Intrinsic conformational changes of SBPs

We then investigated whether the conformational changes in the SBPs that were triggered by their ligands, can also occur in their absence. To address this, we investigated surface-tethered SBPs in the absence of ligand and used confocal scanning microscopy to obtain millisecond temporal resolution. Compared to the solution-based smFRET experiments, individual surface-tethered SBPs greatly increase the sensitivity to detect rare events. In contrast to prior work (Feng et al., 2016; Gouridis et al., 2015; Kim et al., 2013; Seo et al., 2014), the labeled SBPs were supplemented with high concentrations of unlabeled protein (10–20 μM), or the divalent chelating compound ethylenediaminetetraacetic acid (1 mM EDTA for PsaA), to remove any contaminating ligands (Figure 3A). Contaminations could otherwise lead to conformational changes that are misinterpreted as intrinsic closing of the SBP. Consistent with the solution-based measurements, all SBPs were predominantly in a low FRET state (open conformation; Figure 3B–G; Figure 3—figure supplement 1). For ligand-free MalE, PsaA and OpuAC, no transitions to higher FRET states were observed within a total observation time of >8 min for each SBP (Figure 3B–D; Supplementary file 4). In SBD1, SBD2 and OppA rare transitions to a high FRET state can be observed and have an average lifetime of 205 ± 36, 90 ± 11 and 211 ± 42 ms (mean ± s.e.m.), respectively (Figure 3E–G; Figure 3—figure supplement 1D–F). Transitions toward these states occur only rarely, that is, on average 2–8 times per minute (Figure 3H; Supplementary file 4). To rule out that these infrequent FRET transitions are caused by rare binding events arising from any non-chelated ligand, we analyzed the protein conformational dynamics of SBD1, SBD2 and OppA in the presence of a 4 to 10-fold lower concentration of unlabeled protein. We observed that the FRET transitions occur with a similar frequency and have the same average lifetime compared to when 10–20 µM unlabeled protein is present (Figure 3—figure supplement 2). This suggests that all potential ligand contamination is efficaciously scavenged by unlabeled protein, thus providing compelling evidence that the rare FRET transitions observed in SBD1, SBD2 and OppA represent intrinsic closing of the protein. Therefore, some SBPs have the ability to also close without the ligand on the second timescale. However, not all SBPs show intrinsic conformational transitions, unless these occur below the temporal resolution of the measurements (millisecond timescale). Overall, the data indicate that diversity exists in the conformational dynamics of ligand-free SBPs.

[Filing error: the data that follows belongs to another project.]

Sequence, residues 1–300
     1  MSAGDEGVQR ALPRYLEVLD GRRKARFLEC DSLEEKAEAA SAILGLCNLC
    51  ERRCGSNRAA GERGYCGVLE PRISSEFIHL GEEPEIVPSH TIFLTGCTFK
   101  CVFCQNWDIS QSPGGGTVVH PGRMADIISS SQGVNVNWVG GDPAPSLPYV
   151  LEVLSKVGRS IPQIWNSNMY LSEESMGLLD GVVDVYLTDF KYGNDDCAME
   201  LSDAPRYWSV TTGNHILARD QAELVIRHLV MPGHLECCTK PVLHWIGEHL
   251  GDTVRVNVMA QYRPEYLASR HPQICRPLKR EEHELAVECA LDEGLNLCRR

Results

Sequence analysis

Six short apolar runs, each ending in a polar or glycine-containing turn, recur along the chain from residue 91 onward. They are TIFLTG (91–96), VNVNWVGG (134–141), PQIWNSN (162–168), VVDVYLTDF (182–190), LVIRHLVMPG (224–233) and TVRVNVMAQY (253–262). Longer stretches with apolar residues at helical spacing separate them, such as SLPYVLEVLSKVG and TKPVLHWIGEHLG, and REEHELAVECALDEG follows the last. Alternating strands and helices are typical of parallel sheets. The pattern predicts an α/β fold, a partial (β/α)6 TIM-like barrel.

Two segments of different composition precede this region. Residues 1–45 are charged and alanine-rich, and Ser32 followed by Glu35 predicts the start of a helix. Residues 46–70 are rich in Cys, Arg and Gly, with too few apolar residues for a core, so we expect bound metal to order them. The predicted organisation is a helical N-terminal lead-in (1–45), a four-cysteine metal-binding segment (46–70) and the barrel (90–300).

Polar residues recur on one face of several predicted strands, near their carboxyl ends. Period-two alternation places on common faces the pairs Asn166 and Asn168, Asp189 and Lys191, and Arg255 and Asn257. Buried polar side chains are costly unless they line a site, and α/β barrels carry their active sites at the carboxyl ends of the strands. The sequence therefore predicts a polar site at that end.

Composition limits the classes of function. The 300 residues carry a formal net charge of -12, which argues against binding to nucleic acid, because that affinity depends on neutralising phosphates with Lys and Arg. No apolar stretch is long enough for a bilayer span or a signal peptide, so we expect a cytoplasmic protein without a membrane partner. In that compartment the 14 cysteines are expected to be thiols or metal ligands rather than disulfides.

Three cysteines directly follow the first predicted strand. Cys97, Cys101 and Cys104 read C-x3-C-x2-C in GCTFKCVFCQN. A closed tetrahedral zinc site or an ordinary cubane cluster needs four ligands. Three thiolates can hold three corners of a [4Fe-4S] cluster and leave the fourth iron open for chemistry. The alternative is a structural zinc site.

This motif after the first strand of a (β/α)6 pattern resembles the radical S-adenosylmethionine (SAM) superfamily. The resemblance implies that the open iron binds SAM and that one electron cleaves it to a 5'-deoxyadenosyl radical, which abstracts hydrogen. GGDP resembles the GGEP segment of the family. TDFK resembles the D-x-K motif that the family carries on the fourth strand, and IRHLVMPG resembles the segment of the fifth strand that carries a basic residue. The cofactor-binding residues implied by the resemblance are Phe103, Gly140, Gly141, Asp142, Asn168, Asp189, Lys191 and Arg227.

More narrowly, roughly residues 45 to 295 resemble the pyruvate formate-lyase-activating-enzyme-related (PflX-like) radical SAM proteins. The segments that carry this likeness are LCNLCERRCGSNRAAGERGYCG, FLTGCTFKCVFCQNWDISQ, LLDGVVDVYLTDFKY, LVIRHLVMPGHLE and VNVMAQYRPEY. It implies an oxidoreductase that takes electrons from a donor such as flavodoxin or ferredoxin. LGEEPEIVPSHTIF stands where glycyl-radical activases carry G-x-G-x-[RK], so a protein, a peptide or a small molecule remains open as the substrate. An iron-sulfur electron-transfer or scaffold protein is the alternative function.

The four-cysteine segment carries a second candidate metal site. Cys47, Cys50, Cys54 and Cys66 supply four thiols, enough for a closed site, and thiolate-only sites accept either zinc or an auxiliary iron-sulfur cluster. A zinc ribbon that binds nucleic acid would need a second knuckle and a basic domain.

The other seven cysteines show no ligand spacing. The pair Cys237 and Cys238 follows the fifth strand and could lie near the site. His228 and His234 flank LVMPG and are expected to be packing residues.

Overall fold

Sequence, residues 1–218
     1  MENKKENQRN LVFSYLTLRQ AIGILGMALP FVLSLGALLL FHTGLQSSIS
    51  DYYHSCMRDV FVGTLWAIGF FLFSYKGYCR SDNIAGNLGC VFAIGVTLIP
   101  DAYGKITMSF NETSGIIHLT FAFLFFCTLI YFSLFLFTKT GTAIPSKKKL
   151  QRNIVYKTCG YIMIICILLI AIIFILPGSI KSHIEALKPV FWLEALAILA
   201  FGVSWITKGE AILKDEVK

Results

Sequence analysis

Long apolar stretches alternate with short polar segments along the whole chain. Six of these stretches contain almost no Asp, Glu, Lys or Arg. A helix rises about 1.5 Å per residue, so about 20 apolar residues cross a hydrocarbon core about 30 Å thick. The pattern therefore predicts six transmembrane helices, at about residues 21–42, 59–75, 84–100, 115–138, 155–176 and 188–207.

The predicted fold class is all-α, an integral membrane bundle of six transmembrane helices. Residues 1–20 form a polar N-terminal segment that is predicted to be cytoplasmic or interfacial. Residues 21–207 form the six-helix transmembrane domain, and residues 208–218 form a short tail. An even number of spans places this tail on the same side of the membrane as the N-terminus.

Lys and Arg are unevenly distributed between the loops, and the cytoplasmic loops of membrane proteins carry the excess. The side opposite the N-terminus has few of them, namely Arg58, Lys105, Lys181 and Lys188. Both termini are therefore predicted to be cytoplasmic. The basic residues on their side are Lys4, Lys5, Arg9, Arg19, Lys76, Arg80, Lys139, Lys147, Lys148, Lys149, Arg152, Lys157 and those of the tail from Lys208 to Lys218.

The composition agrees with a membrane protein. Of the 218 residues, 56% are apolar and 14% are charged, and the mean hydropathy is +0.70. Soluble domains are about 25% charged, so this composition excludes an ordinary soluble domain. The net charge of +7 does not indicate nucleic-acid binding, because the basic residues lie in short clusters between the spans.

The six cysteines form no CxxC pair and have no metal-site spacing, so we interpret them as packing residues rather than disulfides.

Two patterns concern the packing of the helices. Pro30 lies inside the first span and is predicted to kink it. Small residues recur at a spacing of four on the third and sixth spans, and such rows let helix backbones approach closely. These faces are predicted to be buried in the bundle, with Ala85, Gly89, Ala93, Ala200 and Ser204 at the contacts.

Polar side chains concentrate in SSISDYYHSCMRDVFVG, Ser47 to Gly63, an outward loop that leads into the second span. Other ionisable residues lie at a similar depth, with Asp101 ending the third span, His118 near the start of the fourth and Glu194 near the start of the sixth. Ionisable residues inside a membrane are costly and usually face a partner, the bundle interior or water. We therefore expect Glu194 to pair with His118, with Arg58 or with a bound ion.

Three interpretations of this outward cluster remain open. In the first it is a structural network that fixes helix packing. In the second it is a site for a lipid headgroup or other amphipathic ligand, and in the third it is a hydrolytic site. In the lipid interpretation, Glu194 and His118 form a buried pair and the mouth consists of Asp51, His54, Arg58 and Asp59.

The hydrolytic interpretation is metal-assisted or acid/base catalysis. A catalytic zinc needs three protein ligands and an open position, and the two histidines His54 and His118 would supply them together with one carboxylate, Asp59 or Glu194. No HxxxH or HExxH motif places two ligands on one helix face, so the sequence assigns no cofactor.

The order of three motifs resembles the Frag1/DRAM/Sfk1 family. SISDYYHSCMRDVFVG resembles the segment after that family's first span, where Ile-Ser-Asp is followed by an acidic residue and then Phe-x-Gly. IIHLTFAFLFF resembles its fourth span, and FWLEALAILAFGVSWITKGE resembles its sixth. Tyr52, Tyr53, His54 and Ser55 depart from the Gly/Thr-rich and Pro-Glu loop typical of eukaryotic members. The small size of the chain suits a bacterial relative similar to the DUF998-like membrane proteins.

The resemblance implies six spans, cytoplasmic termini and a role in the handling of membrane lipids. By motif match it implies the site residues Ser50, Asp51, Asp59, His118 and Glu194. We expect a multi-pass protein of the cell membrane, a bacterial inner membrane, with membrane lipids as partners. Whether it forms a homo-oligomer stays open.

Figure 3 with 2 supplements see all
Rare conformational states of ligand-free SBPs.

(A) Schematic of the experimental strategy to study the conformational dynamics of ligand-free SBPs. Representative fluorescence trajectories of OpuAC(V360C/N423C) (B), PsaA(V76C/K237C) (C), MalE(T36C/S352C) (D), SBD1(T159C/G87C) (E), OppA(A209C/S441C) (F) and SBD2(T369C/S451) (G) in the absence of substrate. 10–20 μM of unlabeled protein or 1 mM EDTA (for PsaA) was added to scavenge any ligand contaminations. In all fluorescence trajectories presented in the figure: top panel shows calculated apparent FRET efficiency (blue) from the donor (green) and acceptor (red) photon counts as shown in the bottom panels. Orange lines indicate average apparent FRET efficiency value or most probable state-trajectory of the Hidden Markov Model (HMM). Statistics in Supplementary file 4. (H) Percentage of time a SBP is in the high FRET state. Statistics in Supplementary file 4.

https://doi.org/10.7554/eLife.44652.012

How do non-transported substrates influence the SBP conformation?